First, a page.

The cephalothorax is oval, truncate, and about equally broad at each end; the ordinary grooves and indentations are strong; besides the groove which indicates its union with the thorax, the caput has an indented or pinched-in appearance towards its hinder part on each side. Except that this was present in all the examples examined (ten) it might have been taken to be accidental.

The colour of the cephalothorax is dark brown tinged with yellow, darkest on the sides of the caput, which is divided longitudinally by a narrow, dull, orange-yellow line, and lightest on the margins towards the hinder part; the thoracic fovea is curved, but more deeply indented and the indentation is wider at each end than in other species, the ends being a little turned back: there is a single longitudinal row of long erect bristles along the central line of the caput, and a few more on the lower margin of the clypeus.

The eyes form a narrower oblong area than usual, owing chiefly to their small size and to those of each lateral pair being almost contiguous to each other, separated only by an interval equal to that which divides each hind-lateral from the hind-central nearest to it. The hind-centrals are smallest of the eight, and vary in form, being round, semilunar, or roughly wedge-shaped, differing at times in the same example. The eye eminence is less elevated than in most species, and this brings the fore-centrals nearer to the straight line of the fore-laterals; these last are the largest of the eight. The height of the clypeus exceeds half that of the facial space.

The legs are short and strong; their relative length [ 299 ] 4, 1, 3, 2, or 4, 1, 2, 3, or 4, 1, 2-3; they are of a brownish yellow colour, deeper on their fore-sides, furnished with hairs, bristles, and spines, the latter not very numerous nor unusually strong; there are no spines on the outer sides of the genual joints of the third pair; the tarsal claws are longish and strong. Those of the superior pair have but one, two, or three pectinations on their underside; on some of the legs I could not detect any. There seemed to be no more uniformity in the tarsal-claw pectinations in this species than in others. The tarsal and metatarsal joints of the legs of the first pair have a fringe of close-set short blackish hairs on either side, as also have the digital joints of the palpi, these being similar to the legs in colour and armature; the humeral joints are very deep but narrow, being apparently bent and hollowed on their inner sides to allow of meeting well over the falces.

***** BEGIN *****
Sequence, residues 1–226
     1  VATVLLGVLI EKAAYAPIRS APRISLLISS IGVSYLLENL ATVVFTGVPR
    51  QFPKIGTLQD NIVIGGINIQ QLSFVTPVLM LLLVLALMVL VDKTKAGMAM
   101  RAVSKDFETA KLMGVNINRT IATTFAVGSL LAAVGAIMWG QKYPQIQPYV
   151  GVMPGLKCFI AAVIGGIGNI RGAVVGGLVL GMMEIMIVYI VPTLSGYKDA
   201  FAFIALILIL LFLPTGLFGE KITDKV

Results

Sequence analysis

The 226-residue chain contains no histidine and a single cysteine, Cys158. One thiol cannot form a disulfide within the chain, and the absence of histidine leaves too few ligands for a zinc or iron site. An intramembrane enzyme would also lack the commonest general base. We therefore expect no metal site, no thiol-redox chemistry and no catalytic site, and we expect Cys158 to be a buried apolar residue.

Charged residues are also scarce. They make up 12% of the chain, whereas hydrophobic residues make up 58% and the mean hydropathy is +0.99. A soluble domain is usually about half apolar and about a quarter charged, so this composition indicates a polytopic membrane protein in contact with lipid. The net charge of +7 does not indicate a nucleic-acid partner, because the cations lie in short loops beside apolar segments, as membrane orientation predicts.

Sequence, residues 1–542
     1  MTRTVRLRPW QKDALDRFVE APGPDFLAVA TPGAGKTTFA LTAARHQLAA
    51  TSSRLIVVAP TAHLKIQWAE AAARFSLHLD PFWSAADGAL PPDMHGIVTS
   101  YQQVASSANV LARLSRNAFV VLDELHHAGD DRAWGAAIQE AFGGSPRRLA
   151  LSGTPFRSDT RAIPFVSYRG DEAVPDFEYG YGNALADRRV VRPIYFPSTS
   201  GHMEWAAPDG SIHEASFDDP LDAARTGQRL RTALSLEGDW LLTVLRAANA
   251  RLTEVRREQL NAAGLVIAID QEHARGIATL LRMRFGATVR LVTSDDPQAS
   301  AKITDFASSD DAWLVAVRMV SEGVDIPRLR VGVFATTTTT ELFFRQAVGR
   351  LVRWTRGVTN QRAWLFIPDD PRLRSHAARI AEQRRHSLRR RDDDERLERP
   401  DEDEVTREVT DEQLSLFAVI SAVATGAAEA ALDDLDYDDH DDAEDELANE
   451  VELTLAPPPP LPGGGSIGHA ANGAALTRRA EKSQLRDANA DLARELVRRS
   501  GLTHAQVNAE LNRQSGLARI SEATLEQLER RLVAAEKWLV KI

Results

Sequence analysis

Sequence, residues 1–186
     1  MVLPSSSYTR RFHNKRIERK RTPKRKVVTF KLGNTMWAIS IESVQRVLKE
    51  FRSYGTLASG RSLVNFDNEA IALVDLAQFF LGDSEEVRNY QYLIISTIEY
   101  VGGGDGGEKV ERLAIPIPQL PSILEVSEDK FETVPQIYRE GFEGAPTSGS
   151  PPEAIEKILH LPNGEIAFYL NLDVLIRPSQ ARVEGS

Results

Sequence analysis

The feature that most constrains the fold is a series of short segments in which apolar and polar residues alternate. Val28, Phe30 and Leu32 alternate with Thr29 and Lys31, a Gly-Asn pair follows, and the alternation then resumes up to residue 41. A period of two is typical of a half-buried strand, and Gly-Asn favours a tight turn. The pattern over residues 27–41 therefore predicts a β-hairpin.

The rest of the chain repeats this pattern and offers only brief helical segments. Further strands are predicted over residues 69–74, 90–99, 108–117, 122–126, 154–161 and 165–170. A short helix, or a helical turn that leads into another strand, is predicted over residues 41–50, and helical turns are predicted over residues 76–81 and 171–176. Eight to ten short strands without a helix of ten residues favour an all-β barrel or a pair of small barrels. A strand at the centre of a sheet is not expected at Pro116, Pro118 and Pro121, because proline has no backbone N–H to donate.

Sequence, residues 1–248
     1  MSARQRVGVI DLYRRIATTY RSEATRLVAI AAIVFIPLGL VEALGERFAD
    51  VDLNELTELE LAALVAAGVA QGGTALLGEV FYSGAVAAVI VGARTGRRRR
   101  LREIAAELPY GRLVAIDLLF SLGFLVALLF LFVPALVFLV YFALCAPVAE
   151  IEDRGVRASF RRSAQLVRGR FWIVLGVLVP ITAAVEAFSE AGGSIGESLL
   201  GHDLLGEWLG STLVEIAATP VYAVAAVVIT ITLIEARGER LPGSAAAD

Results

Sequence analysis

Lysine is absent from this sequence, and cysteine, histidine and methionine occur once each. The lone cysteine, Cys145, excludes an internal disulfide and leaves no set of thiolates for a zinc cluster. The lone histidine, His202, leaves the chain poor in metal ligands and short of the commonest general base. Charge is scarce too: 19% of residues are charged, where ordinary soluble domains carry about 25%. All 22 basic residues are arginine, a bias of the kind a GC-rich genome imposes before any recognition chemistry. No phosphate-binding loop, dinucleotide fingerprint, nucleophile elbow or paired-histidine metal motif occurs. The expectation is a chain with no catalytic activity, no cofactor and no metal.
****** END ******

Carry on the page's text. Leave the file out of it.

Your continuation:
The terminal palpal claw has two teeth towards its base on the underside. I could not ascertain satisfactorily whether this is or not a uniform character in all examples; in one example these denticulations were very plain, but they seemed to be wanting in others.

The falces are very strong and massive, round in their profile, and very roundly prominent near their base on the upper side. They are of a rich deep black-brown colour, glossy, and furnished along their inner margins with black bristles and hairs, and with strong spines at their extremity on the upper side. The fang is strong, and the outer margin of the groove in which it lies when at rest has some strong teeth.

[ 300 ]

The maxillæ are strong, of normal form, but very convex on their outer surface.

The small tuberculous teeth noticed at the base on the inner side of the maxillæ of all the other species I have examined, were visible (though with difficulty) in this species also.

The labium is broader than it is high, convex on its face, and rounded at the apex; it is (as also are the maxillæ and sternum) of the same colour as the legs, and clothed with numerous strong bristly hairs.

The abdomen is short-oval, and strongly convex above; it is of a dull clay-coloured brown tinged with chocolate, and along the centre of its upper side is a series of six strong angular bars or chevrons of a dark chocolate-brown colour, and pretty distinctly defined, though, when examined closely, broken in parts.

The intervening spaces between the angular bars and the sides have a few irregular markings of a similar colour; and they are connected by a longitudinal central line of the same hue running through their apices.

The abdomen is very sparingly clothed with hairs and fine bristles; the superior pair of spinners are strong; those of the inferior pair very small and short.

Examples of this fine and very distinct spider were found at Bordeaux in simple unbranched tubes, covered with a wafer-lid, running down very deep into the earth, in some cases as much as fifteen inches into an exceedingly hard soil, making it a work of great labour and care to get them out without injury.